Monday, August 11, 2008

Time to kick out cricketing heroes!

Bored to death of seeing the same cricketing faces on the front pages of our papers, I am delighted that tomorrow will be refreshingly different - Abhinav Bindra has created history by winning India's first-ever individual event (10 metre air rifle shooting) gold at the Olympics in Beijing. What a delight! The last time India bagged a gold was 28 years ago when the men's hockey team won at the Moscow Olympics (marred by a Cold War era boycott).

Saturday, August 09, 2008

Inflation's 12%, did you say?

Indian's are fretting about rising prices and the highest-ever inflation rates in a long, long time. But spare a thought for the Zimbabweans where inflation is so dramatic that by the time you finish reading this post, it would have probably gone up! It's a staggering nine million per cent a year! Yes, nine million! I, f***ing can't even imagine what's it must be like to live in such conditions with such a wacky rate of price increase. But I found my answer in this brilliant profile of Robert Mugabe by Peter Godwin in Vanity Fair. He describes it thus:

Everywhere in Zimbabwe there are long lines: lines for bread, lines for cooking oil, lines for maize meal (the staple food). Buying gasoline requires an array of byzantine procedures. Zimbabwe can now boast, if that is the word, the highest rate of inflation in history. As I write, it’s running at about nine million percent a year. How can I convey what it’s like to live with this kind of hyperinflation? Imagine that you’re out grocery shopping, and in the time it takes you to reach the checkout line, the prices of the items in your cart have all gone up. Golfers now pay for drinks before they tee off, because by the time they’ve completed 18 holes the bar prices will have risen. No one uses wallets for cash; mostly you carry around bags full of blocks of money secured by elastic bands. During my latest trip to the country, the Reserve Bank of Zimbabwe issued new, higher-denomination notes no fewer than three times in a period of two months, the last one being the 500-million-Zimbabwean-dollar note. At its introduction it was worth two U.S. dollars. Four weeks later, its value had fallen to five cents.

Thursday, August 07, 2008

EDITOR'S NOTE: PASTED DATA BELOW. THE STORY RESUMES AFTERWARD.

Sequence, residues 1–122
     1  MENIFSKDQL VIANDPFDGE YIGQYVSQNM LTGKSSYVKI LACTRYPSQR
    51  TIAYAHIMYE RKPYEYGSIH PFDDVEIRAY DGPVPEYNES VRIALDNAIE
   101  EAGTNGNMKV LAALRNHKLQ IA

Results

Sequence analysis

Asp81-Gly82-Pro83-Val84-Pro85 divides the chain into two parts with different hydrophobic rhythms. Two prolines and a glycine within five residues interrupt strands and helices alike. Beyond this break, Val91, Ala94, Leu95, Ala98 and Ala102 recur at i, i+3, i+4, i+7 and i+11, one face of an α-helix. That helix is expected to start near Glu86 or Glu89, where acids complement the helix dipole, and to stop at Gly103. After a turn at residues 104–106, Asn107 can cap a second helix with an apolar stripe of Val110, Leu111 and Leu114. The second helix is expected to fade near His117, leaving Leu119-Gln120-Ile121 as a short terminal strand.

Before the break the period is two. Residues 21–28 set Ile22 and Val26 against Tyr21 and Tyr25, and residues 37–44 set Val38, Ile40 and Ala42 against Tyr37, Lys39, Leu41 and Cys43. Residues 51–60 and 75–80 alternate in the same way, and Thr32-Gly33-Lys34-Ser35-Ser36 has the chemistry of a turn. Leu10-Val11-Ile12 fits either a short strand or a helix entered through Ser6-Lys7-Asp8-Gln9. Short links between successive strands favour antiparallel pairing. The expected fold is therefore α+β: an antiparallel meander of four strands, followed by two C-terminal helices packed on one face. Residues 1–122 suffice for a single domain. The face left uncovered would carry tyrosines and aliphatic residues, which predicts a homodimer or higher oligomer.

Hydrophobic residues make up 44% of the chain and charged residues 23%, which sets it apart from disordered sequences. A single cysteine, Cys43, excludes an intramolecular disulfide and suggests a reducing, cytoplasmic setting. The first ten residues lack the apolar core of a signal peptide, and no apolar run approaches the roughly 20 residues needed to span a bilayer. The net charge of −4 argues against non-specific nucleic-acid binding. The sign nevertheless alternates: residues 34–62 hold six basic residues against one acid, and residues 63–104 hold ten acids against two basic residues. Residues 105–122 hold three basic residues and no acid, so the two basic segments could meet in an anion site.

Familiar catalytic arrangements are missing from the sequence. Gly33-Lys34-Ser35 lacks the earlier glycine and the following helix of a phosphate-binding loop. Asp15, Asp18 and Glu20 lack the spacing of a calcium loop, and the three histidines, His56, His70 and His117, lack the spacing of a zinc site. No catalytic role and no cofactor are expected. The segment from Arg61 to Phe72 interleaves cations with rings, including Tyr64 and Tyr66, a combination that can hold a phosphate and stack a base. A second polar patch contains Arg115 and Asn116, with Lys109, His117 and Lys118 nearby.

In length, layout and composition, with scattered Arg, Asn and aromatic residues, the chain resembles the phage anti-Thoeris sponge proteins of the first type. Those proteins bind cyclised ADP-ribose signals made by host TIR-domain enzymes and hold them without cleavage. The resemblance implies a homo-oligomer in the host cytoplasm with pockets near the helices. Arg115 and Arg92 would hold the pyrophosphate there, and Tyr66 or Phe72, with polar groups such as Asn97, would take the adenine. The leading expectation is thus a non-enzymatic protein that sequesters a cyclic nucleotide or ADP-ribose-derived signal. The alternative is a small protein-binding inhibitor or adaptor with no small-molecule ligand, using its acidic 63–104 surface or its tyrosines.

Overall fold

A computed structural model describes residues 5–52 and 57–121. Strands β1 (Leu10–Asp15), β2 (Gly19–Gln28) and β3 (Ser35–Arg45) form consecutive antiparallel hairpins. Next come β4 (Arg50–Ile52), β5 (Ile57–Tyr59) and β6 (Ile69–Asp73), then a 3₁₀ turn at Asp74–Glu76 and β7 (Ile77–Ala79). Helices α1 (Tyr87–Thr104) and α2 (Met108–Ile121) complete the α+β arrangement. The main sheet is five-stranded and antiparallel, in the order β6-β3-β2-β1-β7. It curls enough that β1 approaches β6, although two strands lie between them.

We may begin seeing, pretty soon, big American cities with no daily newspaper...

We may live to see one such day in the US, argues this piece by Arun Venugopal on Salon. According to the American Society of Newspaper Editors, 2,400 journalists left newspaper newsrooms in the US last year leaving the journalism industry with the smallest workforce since 1984. The way out for American journalists, he prescribes, is to move to fast growth centres like India where journalism continues to boom (unfortunately, in terms of business and not quality).

Sure, there are a lot more foreign-sounding bylines in our papers these days, Hindustan Times leading the pack. Two that I can recall immediately, Barney Henderson and Robbie Corey-Boulet. Surely, there must be many more even though there are none at the magazine I work. It should be interesting to find out from them and their Indian colleagues about what new perspectives do they bring to the newsroom. Do they fit in well, despite possibly travelling to India for the first time? Whatever may be the answer, they sure do bring in stories from corners we Indians may overlook. Like this one from Corey-Boulet about a Noida firm outsourcing sub-editors to American papers.

Away from the shrill of rhetoric about Indian jobs being taken away, I think a multicultural workforce in journalism has become a necessity given the globalised times we live in.

Sunday, August 03, 2008

What's the longest word...

... you can type without moving between the row of alphabets?Apparently it's typewriter! Interesting, isn't it?